This seems like a good place to post this piece regarding the future of the internet and Web 3.0.
Sunday means it’ll soon be time to send out the latest newsletter. As the description states, it’s mostly short updates on current and future projects as well as a selection of all the links that have caught my eye over the past two weeks.
Just recorded my first podcast interview. I think it went well.
This has been tremendously helpful so far this year. 📖
Does anyone use Micro.blog as their main blogging platform?
Well, this was something. 🎬
A fantastic long read on The Guardian about Mary Beard.
Out today in a beautiful oversized/European format from Black Mask Studios is Eternal, a shieldmaiden showdown of epic proportions by Ryan K Lindsay, Eric Zawadzki, Dee Cunniffe and edits by myself. Go grab the book (it’s beautiful), breath it in and then soak in Ryan’s annotations for the comic.
There’s that part in Bone Tomahawk that acts an exclamation mark to film whose violence has been building and building. Brawl outdoes that scene and then some. Tension lurks in every scene in one form or another whilst violence bides its time.
Zahler steers into the grindhouse influences but still somehow manages to remain a sense of modernity to proceedings. There’s an efficiency to the way he shoots the movie here that mirrors its protagonist. There’s also an undcurrent of a message, but I’m still trying to dig through the murk to find it.
Marc Blucas (Riley from Buffy) has somehow found his niche playing a sleazy drug baron. Udo Kier is restrained and creepy, Don Johnson plays restrained menace very well and Jennifer Carpenter is good in a (mostly) thankless role.
Then there’s Vaughan, almost recognisable as Bradley (not Brad) – a bald, hulking force of nature that smashes teeth, breaks bone and renders limbs useless whilst still abiding by a blue collar sense of honour. Vaughan is the aforementioned exclamation mark made flesh, all bottled fury and thousand yard stares.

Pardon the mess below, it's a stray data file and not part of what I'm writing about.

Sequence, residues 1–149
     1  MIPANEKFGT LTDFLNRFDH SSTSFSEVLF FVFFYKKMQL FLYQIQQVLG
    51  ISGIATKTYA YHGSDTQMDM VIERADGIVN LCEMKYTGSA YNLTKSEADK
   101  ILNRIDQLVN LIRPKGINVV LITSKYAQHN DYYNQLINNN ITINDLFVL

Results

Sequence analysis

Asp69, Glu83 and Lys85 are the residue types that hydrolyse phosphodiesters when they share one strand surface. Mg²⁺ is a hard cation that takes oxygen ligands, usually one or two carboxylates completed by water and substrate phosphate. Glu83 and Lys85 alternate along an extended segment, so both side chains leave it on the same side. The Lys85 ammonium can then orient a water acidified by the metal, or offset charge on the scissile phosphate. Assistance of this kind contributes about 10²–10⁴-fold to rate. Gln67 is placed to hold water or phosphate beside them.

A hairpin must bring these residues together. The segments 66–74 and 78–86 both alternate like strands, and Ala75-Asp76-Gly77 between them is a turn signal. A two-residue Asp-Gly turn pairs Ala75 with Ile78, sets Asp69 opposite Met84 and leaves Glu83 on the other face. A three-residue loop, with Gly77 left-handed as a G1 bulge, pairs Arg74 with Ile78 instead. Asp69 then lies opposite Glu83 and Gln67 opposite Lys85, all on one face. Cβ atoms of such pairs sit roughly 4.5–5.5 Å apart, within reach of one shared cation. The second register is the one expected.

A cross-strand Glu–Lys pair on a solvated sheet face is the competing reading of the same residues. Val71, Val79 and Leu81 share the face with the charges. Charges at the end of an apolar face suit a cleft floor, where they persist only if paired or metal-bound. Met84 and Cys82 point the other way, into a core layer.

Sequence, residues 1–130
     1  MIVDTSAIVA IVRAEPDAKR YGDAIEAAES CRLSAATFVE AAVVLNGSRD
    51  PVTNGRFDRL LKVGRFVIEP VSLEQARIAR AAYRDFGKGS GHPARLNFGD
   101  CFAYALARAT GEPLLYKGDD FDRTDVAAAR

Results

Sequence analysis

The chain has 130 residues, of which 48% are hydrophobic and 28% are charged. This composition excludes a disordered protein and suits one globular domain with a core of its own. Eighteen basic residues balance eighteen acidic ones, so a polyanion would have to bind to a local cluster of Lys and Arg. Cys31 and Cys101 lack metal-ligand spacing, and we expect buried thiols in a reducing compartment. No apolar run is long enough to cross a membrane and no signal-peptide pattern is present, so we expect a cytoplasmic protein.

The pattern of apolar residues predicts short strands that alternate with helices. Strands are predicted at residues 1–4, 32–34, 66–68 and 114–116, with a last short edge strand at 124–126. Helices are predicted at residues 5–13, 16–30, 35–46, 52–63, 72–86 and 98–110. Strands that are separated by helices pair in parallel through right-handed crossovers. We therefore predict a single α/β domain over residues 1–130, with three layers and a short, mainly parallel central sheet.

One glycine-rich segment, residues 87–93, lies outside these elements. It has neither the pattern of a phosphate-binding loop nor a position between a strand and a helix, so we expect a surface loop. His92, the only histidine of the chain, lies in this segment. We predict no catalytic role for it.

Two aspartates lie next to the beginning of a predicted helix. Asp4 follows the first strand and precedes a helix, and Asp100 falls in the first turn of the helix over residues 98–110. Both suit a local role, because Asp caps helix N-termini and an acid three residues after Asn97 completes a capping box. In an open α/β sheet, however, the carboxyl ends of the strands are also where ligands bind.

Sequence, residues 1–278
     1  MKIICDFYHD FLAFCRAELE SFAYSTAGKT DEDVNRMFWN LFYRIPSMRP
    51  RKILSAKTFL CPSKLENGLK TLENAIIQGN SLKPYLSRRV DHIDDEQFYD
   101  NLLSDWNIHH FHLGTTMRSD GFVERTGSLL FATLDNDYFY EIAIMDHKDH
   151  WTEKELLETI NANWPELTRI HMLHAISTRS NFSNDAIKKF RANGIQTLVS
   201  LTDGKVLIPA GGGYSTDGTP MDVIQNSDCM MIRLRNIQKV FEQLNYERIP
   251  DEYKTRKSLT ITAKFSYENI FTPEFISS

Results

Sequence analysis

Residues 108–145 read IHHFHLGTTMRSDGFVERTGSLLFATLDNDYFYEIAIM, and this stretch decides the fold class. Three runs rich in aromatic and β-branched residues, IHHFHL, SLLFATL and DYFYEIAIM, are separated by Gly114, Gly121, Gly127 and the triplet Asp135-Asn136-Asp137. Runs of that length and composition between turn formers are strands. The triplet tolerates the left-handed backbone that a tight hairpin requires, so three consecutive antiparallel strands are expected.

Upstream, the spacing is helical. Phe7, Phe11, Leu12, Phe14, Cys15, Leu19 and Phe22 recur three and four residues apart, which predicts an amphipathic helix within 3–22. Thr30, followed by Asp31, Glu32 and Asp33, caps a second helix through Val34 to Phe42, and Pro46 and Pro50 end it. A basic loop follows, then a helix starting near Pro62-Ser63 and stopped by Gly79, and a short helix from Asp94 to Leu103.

Brawl is a nasty, vicious, grimy movie, but I still somehow found myself liking it.
“Yes, but I’ve occasionally gone back to longhand—with Dreamcatcher and with Bag of Bones—because I wanted to see what would happen. It changed some things. Most of all, it made me slow down because it takes a long time. Every time I started to write something, some guy up here, some lazybones is saying, Aw, do we have to do that? I’ve still got a little bit of that scholar’s bump on my finger from doing all that longhand. But it made the rewriting process a lot more felicitous. It seemed to me that my first draft was more polished, just because it wasn’t possible to go so fast. You can only drive your hand along at a certain speed. It felt like the difference between, say, rolling along in a powered scooter and actually hiking the countryside.”
Always start with analogue.
They have a tiny ruler affixed to the back cover <3
If you haven’t pledged already, the Mitch Hammer Kickstarter campaign is so very close to being funded. You can make it happen!
RSS Forever <3